Community meeting on policing in 54/55 divisions talks about safety, Neighbourhood Officer Program, crime stats

Const. Curtis Celestine talks about online safety for teen during the Community Safety Meeting held recently at Community Centre 55.

By NINA RAFEEK

A Community Safety Town Hall Meeting was hosted recently by the 55 Division Community Police Liaison Committee.

The meeting took place at Community Centre 55 on Main Street on the evening of Thursday, Nov. 7.

Strategies in line with a planned modernization of the Toronto Police Service were presented, along with tips for residents around crime prevention and internet safety.

Supt. Reuben Stroble told the meeting that the Neighbourhood Officer Program will be introduced in the Flemington Park, South Riverdale and Blake-Jones neighbourhoods.

The TPS program aims to strengthen relationships with the community by embedding two long-term community officers into these neighbourhoods.

“These are detailed community officers that can’t leave the community,” Stroble said.

These officers, he said, will get to know the kids and families in the respective neighbourhoods. Residents will also be provided with a direct line to their community officer, should they need assistance.

Designated officers, he said, will be trained in the cultural, language and gender sensitivities of their assigned community. Toronto police intend to station the same community officers in a neigbourhood for up to six years.

The biggest challenge, Strobel said, is incentivize an officer to stay in the same community for the stated period of time.

Neighbourhoods in Toronto also have a Community Police Liaison Committee consisting of residents and business owners who watch over the neighbourhood and serve as a line of communication between their respective neighbourhood and its corresponding police division.

Stroble said that officers rely on committee members to serve as an additional line of communication between the public. Both the Neighbourhood Officer Program and the Community Police Liaison Committee fall under a mandate called, The Way Forward, which aims to modernize police services and answer distinct community needs.

Other modernization initiatives include decreasing management, increasing frontline police staff and shrinking the number of stations from 17 to 10, which includes amalgamating the police stations for 54 and 55 divisions. The 54 Division station on Cranfield Road in East York officially closed its doors in December of last year, and combined operations for 54 and 55 divisions are now run out of the 55 Division station at Coxwell Avenue and Dundas Street East.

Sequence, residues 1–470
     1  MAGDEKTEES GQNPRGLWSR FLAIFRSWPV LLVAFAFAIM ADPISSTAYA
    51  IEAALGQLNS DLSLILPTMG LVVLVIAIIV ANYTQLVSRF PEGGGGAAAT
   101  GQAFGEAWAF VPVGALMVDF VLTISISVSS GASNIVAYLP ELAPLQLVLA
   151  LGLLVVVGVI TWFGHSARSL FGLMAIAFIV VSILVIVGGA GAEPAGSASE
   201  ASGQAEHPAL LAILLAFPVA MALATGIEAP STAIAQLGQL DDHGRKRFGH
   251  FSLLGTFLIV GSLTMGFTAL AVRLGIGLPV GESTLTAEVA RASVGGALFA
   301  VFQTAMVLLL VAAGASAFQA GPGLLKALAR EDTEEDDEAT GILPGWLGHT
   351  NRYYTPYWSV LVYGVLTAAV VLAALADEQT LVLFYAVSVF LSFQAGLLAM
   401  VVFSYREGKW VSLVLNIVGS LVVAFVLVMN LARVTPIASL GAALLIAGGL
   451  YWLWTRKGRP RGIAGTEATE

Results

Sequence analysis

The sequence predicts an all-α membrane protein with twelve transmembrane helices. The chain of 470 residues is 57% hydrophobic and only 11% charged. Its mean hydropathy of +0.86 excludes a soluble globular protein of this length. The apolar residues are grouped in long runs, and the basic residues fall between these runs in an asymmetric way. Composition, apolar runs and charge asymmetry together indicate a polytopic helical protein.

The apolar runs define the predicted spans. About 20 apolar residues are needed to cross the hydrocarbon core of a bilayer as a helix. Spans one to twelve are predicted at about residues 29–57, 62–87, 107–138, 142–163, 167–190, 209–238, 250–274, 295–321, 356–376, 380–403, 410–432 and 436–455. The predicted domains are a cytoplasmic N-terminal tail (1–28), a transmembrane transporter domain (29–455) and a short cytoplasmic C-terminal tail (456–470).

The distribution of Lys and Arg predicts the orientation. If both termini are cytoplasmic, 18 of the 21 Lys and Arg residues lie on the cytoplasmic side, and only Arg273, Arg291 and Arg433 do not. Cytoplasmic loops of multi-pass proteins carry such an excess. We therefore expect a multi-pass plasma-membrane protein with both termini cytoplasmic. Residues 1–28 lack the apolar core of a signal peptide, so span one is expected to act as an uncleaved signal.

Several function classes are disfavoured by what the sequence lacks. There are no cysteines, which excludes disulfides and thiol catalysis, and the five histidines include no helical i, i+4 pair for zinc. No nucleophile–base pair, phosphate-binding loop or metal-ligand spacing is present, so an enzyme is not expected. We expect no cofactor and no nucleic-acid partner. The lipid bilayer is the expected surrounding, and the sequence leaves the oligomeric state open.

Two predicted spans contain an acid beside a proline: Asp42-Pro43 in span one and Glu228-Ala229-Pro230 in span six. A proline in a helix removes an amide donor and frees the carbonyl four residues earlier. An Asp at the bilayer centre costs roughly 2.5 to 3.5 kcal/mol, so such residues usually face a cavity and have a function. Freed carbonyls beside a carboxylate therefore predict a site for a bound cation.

A new station for the division is slated to be located at Coxwell and Danforth as part of the city’s Danforth Garage revitalization project.

Stroble also presented an overview of the crime rate in the 54 and 55 divisions’ jurisdiction which borders the Don River on the west side to Victoria Park on the east, north to Eglinton and south to the Lake Ontario shoreline.

Notable statistics were major theft and break and enters, which were up by 25 per cent and 30 per cent, respectively, since the same time last year.

“Yesterday, we made an arrest of the individual we believe is responsible for the series of break and enters at O’Connor and along Danforth,” Stroble said in response to the significant uptick in break and enters.

In regards to major thefts, Stroble advises residents not to keep their car fobs near the front door, as thieves can intercept the signal.

“Most people come home and leave their keys by the front door,” he said. A much better idea, said Strobel, is to bring the fob further into the home and store it away from windows to prevent thieves from hacking the signal.

Assault is also up two per cent from last year, which Stroble attributes to parties that know each other, such as fights that break out in bars or cases of domestic violence.

Anyone interested in more detailed statistics can log on to the public safety data portal, which provides crime maps and occurrences, updated in real time.

Topics of discussion at the Nov. 7 meeting also included internet safety for high school students and safeguarding your home against thieves.

Const. Curtis Celestine advises parents to offer a cellphone to their teenagers as a “loan” so they can outline explicit rules for cellphone use.

Const. Richard Santos-Vincentino invited residents to contact him for a full security check in their home, free of charge.

Parking Supervisor Andrea Gunn announced that the unit plans to rely more on community feedback and complaints to guide ticketing and less on “green hornets” (parking officers who patrol the area).

Instead of calling, Gunn said that complaints, are now accepted in real-time at https://www.torontopolice.on.ca/core/immediate_parking_complaint.php.

 


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